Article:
The Eagle project is the crowning experience of Scouting. It is a "Mount Everest" experience. The boy is never the same afterword. It is the best preparation for Elder's Quorum President the Church has to offer teenage boys. I know of no other activity available to teenaged boys, including sports, drama, music, and academics, that comes close to developing spiritual maturity, social responsibility, and personal self-worth than the Eagle project.

There are three partners in the Church Scouting program. The Scout, who must do all the work; the parents, who must motivate and facilitate participation; and the Church in the form of Scout leaders who must provide the opportunity.

Any parent who denies their son the opportunity to do an Eagle project--through failure to motivate and facilitate--deprives that boy of one of the most spiritually uplifting and maturing opportunities the Church has to offer. I don't believe parents can remain blameless if they cavalierly reject the counsel of general and local authorities to motivate their sons to do the Eagle project.

[Tell the story of the Bishop and prospective missionary who doesn't want to go because he doesn't like to ride bikes--he's missed the point.]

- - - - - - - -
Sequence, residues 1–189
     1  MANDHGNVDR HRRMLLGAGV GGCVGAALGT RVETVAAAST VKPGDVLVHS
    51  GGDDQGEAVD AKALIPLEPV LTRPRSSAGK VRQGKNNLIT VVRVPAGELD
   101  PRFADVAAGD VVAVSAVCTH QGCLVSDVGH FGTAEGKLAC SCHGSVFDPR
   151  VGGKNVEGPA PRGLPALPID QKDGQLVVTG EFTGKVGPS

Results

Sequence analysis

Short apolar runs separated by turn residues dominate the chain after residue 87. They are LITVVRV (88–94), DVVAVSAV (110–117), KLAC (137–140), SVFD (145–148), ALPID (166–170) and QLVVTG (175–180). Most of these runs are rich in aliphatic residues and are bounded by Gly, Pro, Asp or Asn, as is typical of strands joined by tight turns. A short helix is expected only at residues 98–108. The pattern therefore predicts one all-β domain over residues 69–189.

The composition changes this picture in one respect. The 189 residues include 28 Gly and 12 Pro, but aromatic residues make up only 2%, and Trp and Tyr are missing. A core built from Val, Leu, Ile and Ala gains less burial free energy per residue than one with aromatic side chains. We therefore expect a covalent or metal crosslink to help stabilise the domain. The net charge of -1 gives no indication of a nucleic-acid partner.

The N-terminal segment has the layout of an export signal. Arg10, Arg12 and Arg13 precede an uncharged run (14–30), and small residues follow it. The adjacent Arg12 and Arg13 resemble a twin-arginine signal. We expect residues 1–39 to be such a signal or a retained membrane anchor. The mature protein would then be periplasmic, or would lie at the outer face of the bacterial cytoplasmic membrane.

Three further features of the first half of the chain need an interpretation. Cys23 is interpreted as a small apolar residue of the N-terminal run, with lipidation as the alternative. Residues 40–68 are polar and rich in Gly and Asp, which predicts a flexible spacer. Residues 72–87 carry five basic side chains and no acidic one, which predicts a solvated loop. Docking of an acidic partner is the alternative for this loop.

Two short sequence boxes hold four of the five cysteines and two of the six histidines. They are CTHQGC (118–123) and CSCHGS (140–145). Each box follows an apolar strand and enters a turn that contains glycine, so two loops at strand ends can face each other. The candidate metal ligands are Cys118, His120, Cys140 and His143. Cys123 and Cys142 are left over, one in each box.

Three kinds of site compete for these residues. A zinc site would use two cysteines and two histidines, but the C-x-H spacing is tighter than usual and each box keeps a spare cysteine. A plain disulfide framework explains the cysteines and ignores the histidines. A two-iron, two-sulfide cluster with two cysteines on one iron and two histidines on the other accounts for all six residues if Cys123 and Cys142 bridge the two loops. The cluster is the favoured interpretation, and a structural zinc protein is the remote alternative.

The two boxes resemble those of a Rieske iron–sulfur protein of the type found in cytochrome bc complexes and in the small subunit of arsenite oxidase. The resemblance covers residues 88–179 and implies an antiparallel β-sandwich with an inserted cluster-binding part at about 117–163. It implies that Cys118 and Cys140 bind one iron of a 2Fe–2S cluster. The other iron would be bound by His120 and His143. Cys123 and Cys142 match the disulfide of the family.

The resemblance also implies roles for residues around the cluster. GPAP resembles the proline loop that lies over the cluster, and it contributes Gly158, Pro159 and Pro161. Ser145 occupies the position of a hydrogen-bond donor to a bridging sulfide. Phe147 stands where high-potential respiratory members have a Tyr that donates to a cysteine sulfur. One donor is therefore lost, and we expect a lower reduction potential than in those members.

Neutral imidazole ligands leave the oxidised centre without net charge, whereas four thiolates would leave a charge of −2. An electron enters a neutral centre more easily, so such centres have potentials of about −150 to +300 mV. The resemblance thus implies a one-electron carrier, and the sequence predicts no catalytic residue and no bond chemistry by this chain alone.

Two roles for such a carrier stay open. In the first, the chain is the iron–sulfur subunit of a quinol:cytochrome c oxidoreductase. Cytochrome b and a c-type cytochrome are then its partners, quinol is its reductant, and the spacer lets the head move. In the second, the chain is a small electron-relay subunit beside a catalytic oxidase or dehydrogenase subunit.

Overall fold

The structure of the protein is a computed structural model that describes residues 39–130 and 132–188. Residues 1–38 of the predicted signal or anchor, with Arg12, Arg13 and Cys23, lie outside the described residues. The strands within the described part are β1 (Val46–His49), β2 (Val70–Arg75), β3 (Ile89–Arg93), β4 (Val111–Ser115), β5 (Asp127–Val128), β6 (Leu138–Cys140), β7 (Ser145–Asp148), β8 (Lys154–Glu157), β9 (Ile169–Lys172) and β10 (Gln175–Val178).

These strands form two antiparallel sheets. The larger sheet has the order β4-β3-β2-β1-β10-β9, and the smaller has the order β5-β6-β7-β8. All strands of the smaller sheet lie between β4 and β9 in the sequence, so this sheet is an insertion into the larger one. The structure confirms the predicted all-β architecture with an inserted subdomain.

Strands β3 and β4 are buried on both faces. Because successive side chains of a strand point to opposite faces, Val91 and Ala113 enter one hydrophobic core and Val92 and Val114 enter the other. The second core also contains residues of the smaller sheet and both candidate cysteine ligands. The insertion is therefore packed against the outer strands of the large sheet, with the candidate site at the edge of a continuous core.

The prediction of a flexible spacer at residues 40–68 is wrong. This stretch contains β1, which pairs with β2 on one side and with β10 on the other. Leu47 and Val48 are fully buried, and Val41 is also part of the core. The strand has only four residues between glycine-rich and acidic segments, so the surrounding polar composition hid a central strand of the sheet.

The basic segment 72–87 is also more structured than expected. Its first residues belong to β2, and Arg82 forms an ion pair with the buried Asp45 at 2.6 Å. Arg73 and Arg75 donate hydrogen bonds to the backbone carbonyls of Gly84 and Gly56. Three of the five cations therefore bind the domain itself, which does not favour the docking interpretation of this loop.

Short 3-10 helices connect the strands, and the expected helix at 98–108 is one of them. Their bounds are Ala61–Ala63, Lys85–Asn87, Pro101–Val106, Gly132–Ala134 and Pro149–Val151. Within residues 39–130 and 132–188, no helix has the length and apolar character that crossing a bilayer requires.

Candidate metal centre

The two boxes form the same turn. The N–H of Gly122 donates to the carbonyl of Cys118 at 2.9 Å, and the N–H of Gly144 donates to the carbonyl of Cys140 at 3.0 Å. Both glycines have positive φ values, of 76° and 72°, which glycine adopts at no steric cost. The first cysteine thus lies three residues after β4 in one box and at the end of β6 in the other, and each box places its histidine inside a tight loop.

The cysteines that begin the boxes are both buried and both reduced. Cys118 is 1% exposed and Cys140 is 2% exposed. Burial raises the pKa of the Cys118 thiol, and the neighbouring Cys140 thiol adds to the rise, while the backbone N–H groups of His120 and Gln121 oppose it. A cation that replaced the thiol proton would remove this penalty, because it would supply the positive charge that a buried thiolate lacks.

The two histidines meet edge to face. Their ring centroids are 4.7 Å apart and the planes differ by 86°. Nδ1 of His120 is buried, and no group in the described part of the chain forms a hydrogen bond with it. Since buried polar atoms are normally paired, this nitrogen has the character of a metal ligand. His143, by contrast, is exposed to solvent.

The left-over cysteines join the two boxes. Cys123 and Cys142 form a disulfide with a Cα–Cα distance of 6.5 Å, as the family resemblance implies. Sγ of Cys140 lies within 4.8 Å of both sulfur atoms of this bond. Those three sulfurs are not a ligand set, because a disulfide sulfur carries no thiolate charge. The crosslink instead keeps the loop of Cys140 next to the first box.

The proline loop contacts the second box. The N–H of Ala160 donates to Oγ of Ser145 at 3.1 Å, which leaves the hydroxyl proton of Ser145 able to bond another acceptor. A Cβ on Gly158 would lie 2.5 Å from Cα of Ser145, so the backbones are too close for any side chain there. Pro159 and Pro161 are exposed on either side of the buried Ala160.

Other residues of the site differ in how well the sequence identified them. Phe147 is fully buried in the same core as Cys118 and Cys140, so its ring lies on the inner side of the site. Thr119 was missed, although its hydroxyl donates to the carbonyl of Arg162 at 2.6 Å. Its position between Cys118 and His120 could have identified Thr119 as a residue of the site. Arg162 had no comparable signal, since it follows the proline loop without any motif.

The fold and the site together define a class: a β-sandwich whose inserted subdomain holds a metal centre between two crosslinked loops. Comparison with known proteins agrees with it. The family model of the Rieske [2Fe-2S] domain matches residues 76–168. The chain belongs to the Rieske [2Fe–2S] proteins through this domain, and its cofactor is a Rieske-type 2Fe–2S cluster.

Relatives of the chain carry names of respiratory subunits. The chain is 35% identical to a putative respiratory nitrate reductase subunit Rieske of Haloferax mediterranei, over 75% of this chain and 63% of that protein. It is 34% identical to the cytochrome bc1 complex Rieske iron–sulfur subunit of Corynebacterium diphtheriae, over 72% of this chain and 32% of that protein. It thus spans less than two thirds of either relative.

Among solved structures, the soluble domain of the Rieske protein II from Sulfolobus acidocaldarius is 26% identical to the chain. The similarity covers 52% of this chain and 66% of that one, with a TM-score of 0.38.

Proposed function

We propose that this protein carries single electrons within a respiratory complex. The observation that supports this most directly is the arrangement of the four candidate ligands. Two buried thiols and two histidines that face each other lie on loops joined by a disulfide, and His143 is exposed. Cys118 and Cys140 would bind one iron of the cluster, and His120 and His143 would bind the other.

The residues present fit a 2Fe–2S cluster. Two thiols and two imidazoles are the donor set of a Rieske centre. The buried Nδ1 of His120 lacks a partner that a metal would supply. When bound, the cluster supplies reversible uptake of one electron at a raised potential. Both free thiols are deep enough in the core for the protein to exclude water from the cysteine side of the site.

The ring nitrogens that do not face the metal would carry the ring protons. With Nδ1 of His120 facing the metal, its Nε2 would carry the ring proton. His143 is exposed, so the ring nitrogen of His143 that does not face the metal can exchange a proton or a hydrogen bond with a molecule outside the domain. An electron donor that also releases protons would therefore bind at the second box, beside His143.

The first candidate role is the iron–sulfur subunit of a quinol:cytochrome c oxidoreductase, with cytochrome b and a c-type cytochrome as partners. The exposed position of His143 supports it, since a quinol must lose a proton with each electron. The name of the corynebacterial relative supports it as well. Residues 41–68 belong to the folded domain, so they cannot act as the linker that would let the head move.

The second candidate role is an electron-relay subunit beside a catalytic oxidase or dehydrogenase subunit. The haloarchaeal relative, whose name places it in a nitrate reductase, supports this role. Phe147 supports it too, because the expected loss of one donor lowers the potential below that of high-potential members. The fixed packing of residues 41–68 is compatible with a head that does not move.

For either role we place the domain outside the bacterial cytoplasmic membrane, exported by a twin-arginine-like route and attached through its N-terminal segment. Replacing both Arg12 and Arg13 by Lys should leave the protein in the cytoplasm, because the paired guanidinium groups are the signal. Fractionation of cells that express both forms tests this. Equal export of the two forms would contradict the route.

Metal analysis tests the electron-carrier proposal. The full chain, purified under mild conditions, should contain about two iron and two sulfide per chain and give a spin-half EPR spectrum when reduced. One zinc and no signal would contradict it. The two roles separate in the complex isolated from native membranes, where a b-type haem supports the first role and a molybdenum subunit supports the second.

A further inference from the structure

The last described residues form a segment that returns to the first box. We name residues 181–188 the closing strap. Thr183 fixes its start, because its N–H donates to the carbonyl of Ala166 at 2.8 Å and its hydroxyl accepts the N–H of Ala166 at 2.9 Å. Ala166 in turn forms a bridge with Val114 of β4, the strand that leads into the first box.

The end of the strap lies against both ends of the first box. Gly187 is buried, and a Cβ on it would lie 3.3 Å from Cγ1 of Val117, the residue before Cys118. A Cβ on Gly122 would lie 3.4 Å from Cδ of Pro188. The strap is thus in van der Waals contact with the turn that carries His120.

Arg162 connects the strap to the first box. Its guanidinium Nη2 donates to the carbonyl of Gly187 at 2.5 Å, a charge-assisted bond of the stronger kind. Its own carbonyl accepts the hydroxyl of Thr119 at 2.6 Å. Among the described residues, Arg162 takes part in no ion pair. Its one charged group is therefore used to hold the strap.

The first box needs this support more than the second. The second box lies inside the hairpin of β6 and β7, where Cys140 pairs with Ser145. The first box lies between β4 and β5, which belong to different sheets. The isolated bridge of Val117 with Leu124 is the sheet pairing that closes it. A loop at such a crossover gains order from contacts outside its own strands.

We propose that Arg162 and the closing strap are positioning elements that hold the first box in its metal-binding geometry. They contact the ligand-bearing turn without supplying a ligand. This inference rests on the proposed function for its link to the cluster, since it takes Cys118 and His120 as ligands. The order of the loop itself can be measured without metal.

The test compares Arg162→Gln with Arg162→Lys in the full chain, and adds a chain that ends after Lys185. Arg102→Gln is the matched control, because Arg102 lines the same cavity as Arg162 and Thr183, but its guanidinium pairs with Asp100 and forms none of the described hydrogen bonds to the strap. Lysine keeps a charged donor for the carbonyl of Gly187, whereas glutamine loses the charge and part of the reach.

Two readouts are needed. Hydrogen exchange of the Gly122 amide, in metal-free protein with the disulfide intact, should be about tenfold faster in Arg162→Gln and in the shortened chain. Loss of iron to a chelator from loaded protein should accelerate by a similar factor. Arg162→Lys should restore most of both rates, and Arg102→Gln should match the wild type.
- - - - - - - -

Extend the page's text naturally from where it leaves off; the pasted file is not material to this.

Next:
Same with parents who say they won't help a boy in Scouting because he doesn't like to camp. They miss the point.

The purpose of Scouting is not to have fun nor is it to go camping. It is to prepare young men to become responsible, spiritually aware adults. As a Scoutmaster I am NOT in the 'fun' business--I am in the 'saving souls' business. These are the same purposes parents have for their children, and the same purposes the Church has for our children. Scouting uses fun as a lure to get the boys to come out, but if the focus of a Scouting program ever slips from advancement to outdoor and fun activity, we will have failed. To a boy--in my Scoutmaster conferences--they say that camping is the best part of scouts. But I know better. Living the Oath and Law are the best part of Scouts. But if the boys will live the Law and Oath, if I take them on a camp out, well then, we have a good deal.